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Give me the story, not reasons

story, Storytelling
We can’t bring people on board if we don’t engage with them emotionally. You can give me ten thousand reasons to buy a product, but if I don’t trust you I won’t buy.  In the same way you don’t need to give me a reason to buy if I trust you and see the benefits of your product or service. Reasons are powerless without empathy; they must talk to my personal and emotional universe that explains how I see and feel the world around me.  Have you ever been asked the following question at the checkout? “Have you found everything that you wanted, Madam?” Well, I’ve heard it thousands of times, and one day I dared to say “No, I didn’t. I couldn’t find brown sugar.”  “Oh, I’m sorry Madam,”…
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“I’m a rational person. I don’t do stories”

story, Storytelling
I’m a rational person too, and stories don’t come to me easily either. I like facts, I like precision, I like to know what I’m talking about.  I have this conversation with many people. Stories are emotional, yes, but stories are most of all a different way of looking, of connecting the dots and engaging with reality.  The power of a story lies not in narrating the success of your clients or your company’s latest figures. It’s about the meaning of your work, about emotions, about finding a place where things make sense for you and for others. Difficult, isn’t it? You can tell people that one of your clients got all these followers on social media or increased their sales after working with you but that isn’t a story,…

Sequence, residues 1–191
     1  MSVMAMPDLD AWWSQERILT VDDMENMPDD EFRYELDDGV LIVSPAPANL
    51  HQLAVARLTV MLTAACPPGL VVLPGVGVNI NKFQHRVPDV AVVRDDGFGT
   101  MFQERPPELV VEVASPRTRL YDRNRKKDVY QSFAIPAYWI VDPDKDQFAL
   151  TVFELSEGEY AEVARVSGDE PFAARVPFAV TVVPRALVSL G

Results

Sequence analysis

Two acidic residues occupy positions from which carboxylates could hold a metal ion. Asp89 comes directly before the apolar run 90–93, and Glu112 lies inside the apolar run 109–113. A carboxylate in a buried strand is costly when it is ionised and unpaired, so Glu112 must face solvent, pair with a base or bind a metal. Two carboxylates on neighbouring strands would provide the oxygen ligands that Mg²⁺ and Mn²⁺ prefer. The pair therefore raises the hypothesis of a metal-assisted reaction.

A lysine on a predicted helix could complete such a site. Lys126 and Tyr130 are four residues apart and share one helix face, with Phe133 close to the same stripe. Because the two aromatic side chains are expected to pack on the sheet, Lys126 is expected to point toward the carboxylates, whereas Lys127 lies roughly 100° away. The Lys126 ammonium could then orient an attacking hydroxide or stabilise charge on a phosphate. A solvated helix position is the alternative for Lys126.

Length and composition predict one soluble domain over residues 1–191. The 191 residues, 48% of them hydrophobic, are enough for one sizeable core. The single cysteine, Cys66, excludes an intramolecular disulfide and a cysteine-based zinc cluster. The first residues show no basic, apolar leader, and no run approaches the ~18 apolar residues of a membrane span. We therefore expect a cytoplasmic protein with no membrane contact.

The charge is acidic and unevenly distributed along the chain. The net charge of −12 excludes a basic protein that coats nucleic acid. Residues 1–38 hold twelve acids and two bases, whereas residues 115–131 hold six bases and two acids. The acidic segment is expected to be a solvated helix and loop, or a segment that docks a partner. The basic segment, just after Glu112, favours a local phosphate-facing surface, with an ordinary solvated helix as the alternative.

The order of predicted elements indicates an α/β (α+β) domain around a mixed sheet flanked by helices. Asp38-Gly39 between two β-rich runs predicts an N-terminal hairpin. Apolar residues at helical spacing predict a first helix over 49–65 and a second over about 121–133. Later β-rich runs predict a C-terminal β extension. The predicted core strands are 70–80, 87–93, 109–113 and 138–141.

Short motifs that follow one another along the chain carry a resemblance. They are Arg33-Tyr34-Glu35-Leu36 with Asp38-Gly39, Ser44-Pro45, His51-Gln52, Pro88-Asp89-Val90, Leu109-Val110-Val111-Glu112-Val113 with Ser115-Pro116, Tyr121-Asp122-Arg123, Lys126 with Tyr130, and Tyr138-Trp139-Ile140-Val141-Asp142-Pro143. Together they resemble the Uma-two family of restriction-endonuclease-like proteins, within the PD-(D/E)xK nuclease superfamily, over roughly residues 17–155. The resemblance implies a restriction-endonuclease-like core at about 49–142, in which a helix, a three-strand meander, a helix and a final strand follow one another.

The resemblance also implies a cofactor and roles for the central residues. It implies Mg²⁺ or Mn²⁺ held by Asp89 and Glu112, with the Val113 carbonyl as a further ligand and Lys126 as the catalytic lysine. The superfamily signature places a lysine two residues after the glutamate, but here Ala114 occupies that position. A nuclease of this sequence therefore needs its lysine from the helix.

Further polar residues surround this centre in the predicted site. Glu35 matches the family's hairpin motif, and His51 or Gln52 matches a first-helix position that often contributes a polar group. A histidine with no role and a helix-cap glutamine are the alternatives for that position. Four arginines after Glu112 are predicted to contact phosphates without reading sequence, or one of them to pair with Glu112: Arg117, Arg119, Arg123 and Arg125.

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Storytelling and connecting the dots

Storytelling
There’s a lot of advice out there about storytelling. Many resources about technique and structure – but somehow they don’t feel right. Sure, a story needs a beginning, a middle and an end, but what makes a story a story is connecting the dots. It’s making sense, offering an insight, teaching a lesson, creating meaning, engaging with the emotions. The structure helps, but a story isn’t a story just because of its architecture.  Once Hemingway was challenged to write a story in six words. This is what he wrote:  “For sale. Baby shoes. Never worn.” This is a perfect example of a story with a beginning, a middle and an end. But what creates the story is the imagination and the emotions that it sparks – something the following story…